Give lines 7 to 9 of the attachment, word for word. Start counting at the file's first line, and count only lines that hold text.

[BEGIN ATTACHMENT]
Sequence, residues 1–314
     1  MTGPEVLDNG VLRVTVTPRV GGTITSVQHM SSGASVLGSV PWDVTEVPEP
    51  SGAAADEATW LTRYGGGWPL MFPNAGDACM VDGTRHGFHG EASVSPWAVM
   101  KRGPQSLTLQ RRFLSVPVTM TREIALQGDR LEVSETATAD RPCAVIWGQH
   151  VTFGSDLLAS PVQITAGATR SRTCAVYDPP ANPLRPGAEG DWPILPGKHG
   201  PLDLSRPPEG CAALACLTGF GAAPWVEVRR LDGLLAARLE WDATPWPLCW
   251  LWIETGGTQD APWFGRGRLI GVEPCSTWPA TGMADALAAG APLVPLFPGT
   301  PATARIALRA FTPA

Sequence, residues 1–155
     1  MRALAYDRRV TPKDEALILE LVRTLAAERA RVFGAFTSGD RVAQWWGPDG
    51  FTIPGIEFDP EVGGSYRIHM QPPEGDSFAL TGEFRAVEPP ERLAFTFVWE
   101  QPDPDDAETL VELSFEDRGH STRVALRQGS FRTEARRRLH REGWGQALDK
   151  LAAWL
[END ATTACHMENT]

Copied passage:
   251  LWIETGGTQD APWFGRGRLI GVEPCSTWPA TGMADALAAG APLVPLFPGT
   301  PATARIALRA FTPA

Sequence, residues 1–155